Eagle-eyed viewers recently noticed scenes of the hit show where doubles for Jennifer Aniston and Courteney Cox were used - and their unfamiliar faces made it into the aired episodes.The result is a jarring moment where two people who only have a slight resemblance to the actresses pop up on screen.Rachel is suddenly swapped with a woman with a different shirt on standing in the middle of the friends' New York City apartment to the left of the screen.Monica too is replaced by woman with a completely different hairstyle sitting in the Central Perk coffee shop, having a conversation with Phoebe.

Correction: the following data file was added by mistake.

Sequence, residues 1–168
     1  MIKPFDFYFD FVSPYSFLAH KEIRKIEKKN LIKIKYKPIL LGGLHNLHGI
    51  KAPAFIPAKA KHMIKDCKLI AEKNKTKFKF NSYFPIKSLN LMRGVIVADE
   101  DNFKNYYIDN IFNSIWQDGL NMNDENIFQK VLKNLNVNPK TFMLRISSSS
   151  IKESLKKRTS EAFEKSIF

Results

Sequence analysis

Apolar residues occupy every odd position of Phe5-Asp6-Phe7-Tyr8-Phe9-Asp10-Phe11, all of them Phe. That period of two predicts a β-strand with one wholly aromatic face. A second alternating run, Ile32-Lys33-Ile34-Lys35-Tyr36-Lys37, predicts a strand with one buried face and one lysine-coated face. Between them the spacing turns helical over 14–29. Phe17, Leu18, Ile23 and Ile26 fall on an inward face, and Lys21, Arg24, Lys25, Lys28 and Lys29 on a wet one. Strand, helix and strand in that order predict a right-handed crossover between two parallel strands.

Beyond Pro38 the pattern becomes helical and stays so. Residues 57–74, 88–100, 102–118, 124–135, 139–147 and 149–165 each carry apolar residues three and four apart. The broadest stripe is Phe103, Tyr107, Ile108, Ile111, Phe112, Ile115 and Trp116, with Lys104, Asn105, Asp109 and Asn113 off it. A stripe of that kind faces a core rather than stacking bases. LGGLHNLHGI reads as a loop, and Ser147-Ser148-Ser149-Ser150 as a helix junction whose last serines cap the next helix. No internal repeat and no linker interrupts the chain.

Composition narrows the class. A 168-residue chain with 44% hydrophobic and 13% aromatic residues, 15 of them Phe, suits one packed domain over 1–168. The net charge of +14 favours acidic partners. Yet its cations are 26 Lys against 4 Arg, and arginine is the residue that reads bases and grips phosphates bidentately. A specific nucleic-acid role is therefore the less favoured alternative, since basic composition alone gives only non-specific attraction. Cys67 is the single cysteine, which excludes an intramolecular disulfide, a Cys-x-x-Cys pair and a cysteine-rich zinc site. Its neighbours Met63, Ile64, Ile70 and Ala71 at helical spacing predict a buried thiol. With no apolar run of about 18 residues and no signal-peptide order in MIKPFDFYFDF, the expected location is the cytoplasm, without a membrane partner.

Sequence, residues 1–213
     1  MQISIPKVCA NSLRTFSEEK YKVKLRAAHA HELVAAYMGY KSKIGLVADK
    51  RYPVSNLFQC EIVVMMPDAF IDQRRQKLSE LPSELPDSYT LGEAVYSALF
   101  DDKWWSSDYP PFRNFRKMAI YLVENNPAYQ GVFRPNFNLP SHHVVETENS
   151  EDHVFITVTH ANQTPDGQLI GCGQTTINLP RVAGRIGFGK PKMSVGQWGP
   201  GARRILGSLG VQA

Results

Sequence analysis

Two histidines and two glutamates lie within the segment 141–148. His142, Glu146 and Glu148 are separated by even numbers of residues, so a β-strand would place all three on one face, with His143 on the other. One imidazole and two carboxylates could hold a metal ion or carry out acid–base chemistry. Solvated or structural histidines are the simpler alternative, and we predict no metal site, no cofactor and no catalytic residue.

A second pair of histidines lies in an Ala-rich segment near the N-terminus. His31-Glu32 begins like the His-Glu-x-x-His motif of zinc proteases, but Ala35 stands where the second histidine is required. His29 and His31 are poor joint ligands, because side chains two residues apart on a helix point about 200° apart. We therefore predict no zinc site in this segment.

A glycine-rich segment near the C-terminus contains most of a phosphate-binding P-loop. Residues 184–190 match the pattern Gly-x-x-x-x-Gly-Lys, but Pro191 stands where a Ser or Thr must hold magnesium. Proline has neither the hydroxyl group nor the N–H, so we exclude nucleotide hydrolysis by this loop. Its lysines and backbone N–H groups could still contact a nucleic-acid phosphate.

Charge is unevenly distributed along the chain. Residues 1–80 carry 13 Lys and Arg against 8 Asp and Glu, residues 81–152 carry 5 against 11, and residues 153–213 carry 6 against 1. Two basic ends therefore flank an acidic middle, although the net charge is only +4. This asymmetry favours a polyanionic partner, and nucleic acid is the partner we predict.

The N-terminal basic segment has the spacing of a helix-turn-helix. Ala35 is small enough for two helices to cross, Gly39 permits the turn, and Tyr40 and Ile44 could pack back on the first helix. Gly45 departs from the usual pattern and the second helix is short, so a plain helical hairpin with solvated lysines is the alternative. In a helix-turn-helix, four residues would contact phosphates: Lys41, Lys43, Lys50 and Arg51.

The Jennifer Aniston gaffe from Episode 15 of Series Nine, first reported on Recently Heard, takes place just three minutes into the show while the opening credits are still rolling. Rachel is excitedly chatting to pal Joey about his upcoming audition with actor Leonard Hayes, who is played by Jeff Goldblum. As Joey turns to say something to an off-screen Monica, the Rachel we all know and love suddenly disappears.The woman standing next to Joey is a Jennifer Aniston lookalike- similar hair, similar smile, similar apple cheeks - but different shirt.The was woman employed to stand in for Aniston during scenes where she wasn't the focus. A simple editing mistake meant that the non-Jennifer Aniston made it to the small screen.Viewers can even see the stand-in trying to shy away from the camera as the shot pans back to Joey. This wasn't the only double dealing on Friends.In the Season 8 episode, 'The One With Rachel's Date,' , actress Lisa Kudrow, playing air-headed Phoebe, sits on the ubiquitous Central Perk couch, chatting with Monica.Monica looks as she should - just like the actress Courteney Cox - but as the camera shoots over her shoulder to focus on Phoebe, she suddenly becomes someone else.In fact, this woman seems to even have much shorter hair than Monica - or to have her hair pulled back. The scenes were filmed in 2001 and the double trouble trickery was only discovered by fans recently.Friends turned out to be one of the most successful sitcoms ever produced, adored by a generation of young people who saw themselves in the six main characters as they negotiated the tricky path of adulthood.Last year was the 20th anniversary of the first episode of Friends and ten years since the show officially ended – with Monica, Chandler and their new twins moving upstate, and, of course, Ross and Rachel reuniting for good.